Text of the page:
Opinion

McKinsey Energy Insights Expects Delay in Full Oil Price Recovery Until Late 2020


McKinsey Energy Insights (MEI), the data and analytics specialist that provides distinctive insight and support to the global energy industry, has released its latest Global Oil Supply and Demand Outlook, in which the company projects that global oil prices will remain in the USD50/bbl-USD60/bbl range until late 2020. The outlook outlines oil supply and demand balances as well as macro outlooks on global oil price scenarios to 2030.

With market uncertainty causing oil prices to decline from USD55/bbl in January to USD46/bbl in June this year, MEI has revised its “lower for longer” scenario. Over the medium term (2017-2020), with inventories still being absorbed, MEI considers it likely that Brent prices linger in the USD50/bbl range until early 2020, only approaching USD60/bbl in late 2020.

The outlook is driven by market uncertainties, which are a mixture of negative (supporting lower prices) and positive (supporting price recovery) market fundamentals. In the medium term, six key signposts are expected to impact the speed of market rebalancing and price recovery under MEI's “lower for longer” scenario:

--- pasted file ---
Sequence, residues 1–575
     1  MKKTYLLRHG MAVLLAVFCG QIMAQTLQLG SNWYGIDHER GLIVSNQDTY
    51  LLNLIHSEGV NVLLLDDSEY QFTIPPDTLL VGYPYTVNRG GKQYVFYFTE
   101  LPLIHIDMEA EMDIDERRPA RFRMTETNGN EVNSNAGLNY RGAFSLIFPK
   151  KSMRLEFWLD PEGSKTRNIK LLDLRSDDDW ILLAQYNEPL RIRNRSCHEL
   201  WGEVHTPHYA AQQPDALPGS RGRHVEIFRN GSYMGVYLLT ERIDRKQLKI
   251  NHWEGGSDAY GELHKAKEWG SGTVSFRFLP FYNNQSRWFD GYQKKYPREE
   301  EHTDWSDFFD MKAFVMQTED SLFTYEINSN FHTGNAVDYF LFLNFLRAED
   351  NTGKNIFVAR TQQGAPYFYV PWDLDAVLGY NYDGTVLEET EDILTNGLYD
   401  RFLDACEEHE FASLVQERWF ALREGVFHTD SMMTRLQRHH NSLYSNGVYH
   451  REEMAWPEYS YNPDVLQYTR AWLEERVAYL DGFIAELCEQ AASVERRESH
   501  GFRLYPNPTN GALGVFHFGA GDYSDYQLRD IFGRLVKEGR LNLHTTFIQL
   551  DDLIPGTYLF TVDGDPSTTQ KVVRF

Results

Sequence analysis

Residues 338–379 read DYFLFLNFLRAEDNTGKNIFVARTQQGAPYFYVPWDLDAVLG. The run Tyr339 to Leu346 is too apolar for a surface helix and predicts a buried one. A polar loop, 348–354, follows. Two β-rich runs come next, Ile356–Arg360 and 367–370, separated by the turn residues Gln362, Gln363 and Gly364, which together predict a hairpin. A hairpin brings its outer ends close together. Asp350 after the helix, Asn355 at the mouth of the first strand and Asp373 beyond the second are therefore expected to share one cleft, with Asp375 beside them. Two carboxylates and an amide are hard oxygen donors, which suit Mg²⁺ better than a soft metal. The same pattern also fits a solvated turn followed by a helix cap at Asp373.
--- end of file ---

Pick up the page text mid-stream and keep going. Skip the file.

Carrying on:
1. Global oil demand growth: Liquids demand growth gradually slows down to 1MMb/d p.a. in 2017-21 driven by flattened global economic growth, improved energy efficiency and alternative fuels.
  2. Non-OPEC production: Decline rates have visibly accelerated in onshore conventional fields which will result in 1MMb/d p.a. declines in production up to 2021.
  3. OPEC production: OPEC is expected to adhere to production cuts and then ramp up production when markets tighten again, following historical patterns.
  4. North American shale oil: North America shale oil output is projected to keep growing despite low prices, reaching 6.6MMb/d by 2021 due to improved breakevens and capital availability.
  5. New project costs: Production from projects reaching final investment decision (FID) after 2014 is not enough to fill the supply gap, which results in tightening in global oil markets by 2020-21.
  6. Commercial inventories: Inventory build-up has stopped without much withdrawal despite the expectations based on flattening futures spread, yet it will take two to three years for stocks to go back to five-year average levels given the current overhang.

In the long term (2020-2030), MEI estimates that exploration and production companies will need to add 35 MMb/d of new crude production from unsanctioned projects by 2030 to meet demand. Under these circumstances, 2025-2030 marginal costs are projected to reach USD60/bbl-USD70/bbl.



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